Warm Broccoli Salad with Bacon will impress your friends and family. Broccoli, bacon, and pecans are paired with a light creamy sauce along with cranberries and raisins to make a delicious warm salad. Side dish? Main dish? The choice is yours.
How To Make Warm Broccoli Salad With Bacon
This delicious side dish might surprise you in its simplicity. You probably have most, if not all, of the ingredients already on hand:
- real mayonnaise
- bacon, and
Start by cooking the cranberries and raisins.
Next, add milk.
And the mayonnaise.
Stir until the mixture becomes smooth.
Add cooked broccoli and bacon.
Don’t forget to add the pecans, too!
Stir it all well.
Warm Broccoli Salad with Bacon is a great side dish. Just picture it served at Easter or Christmas with ham, or with grilled chicken breasts.
Warm Broccoli Salad with Bacon
This easy side dish will impress your friends and family. Broccoli, bacon, and pecans are paired with a light creamy sauce along with cranberries and raisins to make a delicious warm salad.
- 1/2 cup cranberries
- 1/2 cup raisins
- 1/2 cup water
- 2/3 cup real mayonnaise
- 1/3 cup milk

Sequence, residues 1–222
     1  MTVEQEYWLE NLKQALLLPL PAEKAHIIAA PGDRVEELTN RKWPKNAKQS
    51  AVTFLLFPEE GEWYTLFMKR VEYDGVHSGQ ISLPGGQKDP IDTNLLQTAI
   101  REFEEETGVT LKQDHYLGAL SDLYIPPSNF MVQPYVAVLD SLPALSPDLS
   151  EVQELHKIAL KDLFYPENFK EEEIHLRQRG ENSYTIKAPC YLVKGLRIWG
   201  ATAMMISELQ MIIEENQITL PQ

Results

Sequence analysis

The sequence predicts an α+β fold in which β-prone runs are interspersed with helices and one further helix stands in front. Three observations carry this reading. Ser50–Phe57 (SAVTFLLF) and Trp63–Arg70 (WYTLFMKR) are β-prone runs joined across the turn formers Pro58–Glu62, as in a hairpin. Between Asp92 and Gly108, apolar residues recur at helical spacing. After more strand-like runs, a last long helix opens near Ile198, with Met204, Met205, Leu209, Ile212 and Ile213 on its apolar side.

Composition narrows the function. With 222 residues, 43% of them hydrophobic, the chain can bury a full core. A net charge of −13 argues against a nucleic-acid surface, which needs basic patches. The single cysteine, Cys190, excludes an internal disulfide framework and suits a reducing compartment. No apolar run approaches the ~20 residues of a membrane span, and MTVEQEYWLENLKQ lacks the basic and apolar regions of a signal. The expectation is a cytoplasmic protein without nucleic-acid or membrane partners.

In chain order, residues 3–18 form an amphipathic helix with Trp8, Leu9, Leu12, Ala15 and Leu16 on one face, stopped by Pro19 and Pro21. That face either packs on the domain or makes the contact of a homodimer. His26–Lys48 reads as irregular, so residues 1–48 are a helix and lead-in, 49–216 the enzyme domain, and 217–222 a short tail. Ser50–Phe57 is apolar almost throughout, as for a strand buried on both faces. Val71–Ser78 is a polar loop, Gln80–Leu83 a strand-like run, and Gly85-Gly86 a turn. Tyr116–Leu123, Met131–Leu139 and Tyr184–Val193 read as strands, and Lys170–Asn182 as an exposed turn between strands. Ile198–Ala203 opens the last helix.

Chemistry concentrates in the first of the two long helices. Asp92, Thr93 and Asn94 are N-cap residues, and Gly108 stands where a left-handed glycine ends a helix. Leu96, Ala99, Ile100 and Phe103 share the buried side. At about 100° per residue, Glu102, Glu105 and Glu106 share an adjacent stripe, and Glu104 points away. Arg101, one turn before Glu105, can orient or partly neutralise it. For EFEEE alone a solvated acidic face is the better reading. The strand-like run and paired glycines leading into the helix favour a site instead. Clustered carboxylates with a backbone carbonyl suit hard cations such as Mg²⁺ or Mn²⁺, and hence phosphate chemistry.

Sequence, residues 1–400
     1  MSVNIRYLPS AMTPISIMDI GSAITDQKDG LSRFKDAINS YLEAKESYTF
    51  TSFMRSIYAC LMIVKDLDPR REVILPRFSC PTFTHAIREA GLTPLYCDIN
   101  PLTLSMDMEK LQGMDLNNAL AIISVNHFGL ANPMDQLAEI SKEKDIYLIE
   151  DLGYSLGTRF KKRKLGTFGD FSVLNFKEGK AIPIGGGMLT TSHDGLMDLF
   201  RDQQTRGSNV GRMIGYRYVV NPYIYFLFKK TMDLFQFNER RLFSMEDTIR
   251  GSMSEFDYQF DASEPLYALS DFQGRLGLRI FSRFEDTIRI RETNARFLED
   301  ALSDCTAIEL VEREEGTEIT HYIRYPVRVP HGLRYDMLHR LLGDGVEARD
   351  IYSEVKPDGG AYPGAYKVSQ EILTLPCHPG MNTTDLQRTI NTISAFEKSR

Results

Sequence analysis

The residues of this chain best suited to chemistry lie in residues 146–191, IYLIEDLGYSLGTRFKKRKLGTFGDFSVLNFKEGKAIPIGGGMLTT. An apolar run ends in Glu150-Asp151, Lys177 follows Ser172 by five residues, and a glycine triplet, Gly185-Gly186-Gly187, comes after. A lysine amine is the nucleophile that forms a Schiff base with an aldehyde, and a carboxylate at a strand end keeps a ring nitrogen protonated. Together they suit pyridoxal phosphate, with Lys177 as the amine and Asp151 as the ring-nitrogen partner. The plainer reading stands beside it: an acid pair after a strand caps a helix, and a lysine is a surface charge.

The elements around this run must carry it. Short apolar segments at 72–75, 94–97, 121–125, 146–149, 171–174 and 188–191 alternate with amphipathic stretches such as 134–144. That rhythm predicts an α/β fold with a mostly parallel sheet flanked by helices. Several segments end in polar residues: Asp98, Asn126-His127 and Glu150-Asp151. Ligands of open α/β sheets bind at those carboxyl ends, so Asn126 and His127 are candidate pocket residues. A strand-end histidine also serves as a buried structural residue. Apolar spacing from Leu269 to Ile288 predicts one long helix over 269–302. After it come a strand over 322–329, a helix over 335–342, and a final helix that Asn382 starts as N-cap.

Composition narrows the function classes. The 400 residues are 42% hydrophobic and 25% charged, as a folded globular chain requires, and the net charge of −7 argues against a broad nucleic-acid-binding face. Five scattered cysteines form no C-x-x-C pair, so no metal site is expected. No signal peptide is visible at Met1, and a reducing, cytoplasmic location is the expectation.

- 2 Tablespoons hone
- 4 cups broccoli cooked
- 6 slices bacon cooked and chopped
- 1 cup pecans
Place cranberries, raisins and water in a large skillet. Cook over medium heat for 5-6 minutes or until soft and liquid is reduced.
Reduce heat to low and add mayonnaise, milk and honey. Mix well and continue to stir until heated through and smooth, about 2-3 minutes.
Stir in broccoli, bacon and pecans and heat until mixture is heated through.
- Broccoli belongs to the cruciferous (Brassica) botanical family. (Other members of that family are cauliflower, Brussels sprouts, and cabbage.)
- One cup of (raw) broccoli supplies 135% of the recommended daily value of Vitamin C and is only about 30 calories.
- Broccoli is a great source of natural folate, containing about 63 µg/100 grams (provides 16% of RDA).
- Vitamin K, Niacin, pantothenic acid (vitamin B-5), pyridoxine (vitamin B-6), and riboflavin and a small amount of omega-3 fatty acids (Alpha linolenic acid-ALA) are other nutrients naturally found in this cold-season veggie.
- The word broccoli comes from the Italian plural of broccolo, which means “the flowering crest of a cabbage”, and is the diminutive form of brocco, meaning “small nail” or “sprout”. The large head and thick stalk broccoli we are most familiar with is Calabrese broccoli (named after Calabria, Italy)
What would you serve along with Warm Broccoli Salad with Bacon?2